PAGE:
Published on : 29 November 20214 min reading time
Physical health improves mental health
Science has found evidence linking physical health to mental health. Without mental health, there can be no true physical health. Getting older brings challenges, such as declining physical strength and mobility, which can seem like a barrier to staying fit. However, there are workarounds that allow older adults to stay active. For example, aerobic exercise is great for brain function, but doing it in water can reduce the impact on muscles and joints. For those with limited mobility, chair exercise routines are a great way to increase heart rate and strengthen the upper body. And a gentle walk outside will do a world of good.
What you eat affects your mood
What we put inside our bodies also affects our mental well-being. A healthy, balanced diet helps people feel better overall. Some foods can also improve mood. For example, omega-3 fatty acids from fish and zinc and B vitamins from fruits like bananas can help improve depressed moods. And cutting back on foods like starchy carbohydrates can also help. Some older people may think it’s time to be cautious and have a mid-week drink or smoke cigarettes without fear of dying young. The fact is that these products are bad for your health and can also contribute to a lowered mood if consumed too frequently.
Stay connected with family and friends
Loneliness and isolation probably have the biggest impact on low mood in older adults. Too much time spent alone can have this effect on anyone at any age, as humans are inherently social creatures. However, it is more common in older people for adult children to move away or become busy with a career and for their own children, partners to die or friends to move away. One way to counteract these effects is to get out as much as possible. Joining new social groups or community activities is a great way to make new friends with similar interests at a similar time in life as you. If mobility is an issue, technology can save the day. Seniors may not have grown up as “digital natives,” but local classes or young friends may be available to help. Technology enables face-to-face messaging and phone calls via smartphones as well as mindfulness apps, medication reminders and safety alarms. And websites are full of advice and support forums.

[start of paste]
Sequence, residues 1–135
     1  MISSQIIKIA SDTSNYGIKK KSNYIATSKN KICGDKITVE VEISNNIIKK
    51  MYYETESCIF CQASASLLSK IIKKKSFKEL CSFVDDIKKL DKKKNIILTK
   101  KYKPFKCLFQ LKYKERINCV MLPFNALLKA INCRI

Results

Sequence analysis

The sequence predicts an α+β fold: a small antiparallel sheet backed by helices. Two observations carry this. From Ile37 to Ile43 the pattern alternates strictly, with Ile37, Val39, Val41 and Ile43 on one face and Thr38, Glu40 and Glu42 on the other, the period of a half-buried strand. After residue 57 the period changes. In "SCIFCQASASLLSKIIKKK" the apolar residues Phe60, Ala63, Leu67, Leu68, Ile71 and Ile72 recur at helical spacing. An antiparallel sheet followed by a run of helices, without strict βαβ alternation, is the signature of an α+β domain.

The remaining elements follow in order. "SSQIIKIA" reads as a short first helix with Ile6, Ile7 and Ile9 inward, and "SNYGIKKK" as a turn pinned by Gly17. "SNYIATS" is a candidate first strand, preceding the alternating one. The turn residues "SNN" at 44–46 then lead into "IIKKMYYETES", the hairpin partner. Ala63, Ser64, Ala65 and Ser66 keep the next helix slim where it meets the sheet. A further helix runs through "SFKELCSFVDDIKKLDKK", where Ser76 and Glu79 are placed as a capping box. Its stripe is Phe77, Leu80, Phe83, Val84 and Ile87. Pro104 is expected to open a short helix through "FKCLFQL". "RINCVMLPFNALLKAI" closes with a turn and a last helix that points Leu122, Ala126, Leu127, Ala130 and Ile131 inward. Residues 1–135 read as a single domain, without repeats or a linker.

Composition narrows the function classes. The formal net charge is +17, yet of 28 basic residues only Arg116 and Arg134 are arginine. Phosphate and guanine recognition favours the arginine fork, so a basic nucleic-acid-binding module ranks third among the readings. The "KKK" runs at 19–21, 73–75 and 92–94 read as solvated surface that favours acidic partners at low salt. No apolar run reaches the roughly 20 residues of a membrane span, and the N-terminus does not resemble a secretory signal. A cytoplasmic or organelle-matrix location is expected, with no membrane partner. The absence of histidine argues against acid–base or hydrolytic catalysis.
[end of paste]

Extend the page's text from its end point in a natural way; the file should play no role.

Keep your mind engaged
Small daily actions to keep the mind engaged and active are vital to prolonging brain function and memory as well as keeping depression at bay. Reading, writing and mental puzzles like crossword puzzles and Sudoku are fun and don’t require much energy if physical ability is a barrier. Having a sense of purpose and goals is also important for self-esteem and mental well-being. If your senior has good mobility, activities such as volunteering, tutoring and traveling are great ways to stimulate the mind and increase social interaction.
Practice a positive attitude
It’s hard to just “think happy thoughts,” especially if your senior is suffering or isolated. But the fact remains that we need to practice certain thought patterns so that they become routine. Encourage your senior to practice gratitude and surround themselves with people who lift their spirits. Being optimistic, making exciting plans, bypassing negative thought spirals, keeping a sense of humor and reducing stress will all help them live life more positively.
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